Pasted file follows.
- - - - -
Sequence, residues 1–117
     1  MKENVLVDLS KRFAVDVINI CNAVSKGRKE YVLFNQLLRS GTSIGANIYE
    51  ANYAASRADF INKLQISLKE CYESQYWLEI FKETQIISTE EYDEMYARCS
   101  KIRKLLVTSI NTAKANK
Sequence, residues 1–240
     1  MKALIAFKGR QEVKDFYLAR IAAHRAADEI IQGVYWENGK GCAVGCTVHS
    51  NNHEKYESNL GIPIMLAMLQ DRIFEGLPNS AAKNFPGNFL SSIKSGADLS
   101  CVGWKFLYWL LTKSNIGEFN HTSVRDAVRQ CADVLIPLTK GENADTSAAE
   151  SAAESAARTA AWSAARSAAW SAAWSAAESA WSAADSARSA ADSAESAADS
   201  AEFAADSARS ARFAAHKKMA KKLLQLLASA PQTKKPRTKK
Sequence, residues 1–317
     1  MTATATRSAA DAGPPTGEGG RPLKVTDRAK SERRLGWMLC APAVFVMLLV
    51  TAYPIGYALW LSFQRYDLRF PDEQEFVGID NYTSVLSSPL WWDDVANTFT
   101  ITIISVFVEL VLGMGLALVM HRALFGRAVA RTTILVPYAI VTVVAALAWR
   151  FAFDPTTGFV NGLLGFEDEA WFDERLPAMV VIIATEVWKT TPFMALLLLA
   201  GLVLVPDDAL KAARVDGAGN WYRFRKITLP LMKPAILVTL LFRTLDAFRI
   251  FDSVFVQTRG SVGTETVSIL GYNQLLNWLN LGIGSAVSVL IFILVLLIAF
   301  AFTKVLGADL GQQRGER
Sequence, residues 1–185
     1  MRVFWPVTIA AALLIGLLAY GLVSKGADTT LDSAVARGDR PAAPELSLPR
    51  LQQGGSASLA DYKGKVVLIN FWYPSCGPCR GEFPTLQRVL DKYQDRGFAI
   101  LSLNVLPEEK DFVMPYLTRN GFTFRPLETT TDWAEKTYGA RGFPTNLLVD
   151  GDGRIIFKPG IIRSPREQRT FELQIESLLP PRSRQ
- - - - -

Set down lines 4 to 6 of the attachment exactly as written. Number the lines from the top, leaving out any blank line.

   101  KIRKLLVTSI NTAKANK
Sequence, residues 1–240
     1  MKALIAFKGR QEVKDFYLAR IAAHRAADEI IQGVYWENGK GCAVGCTVHS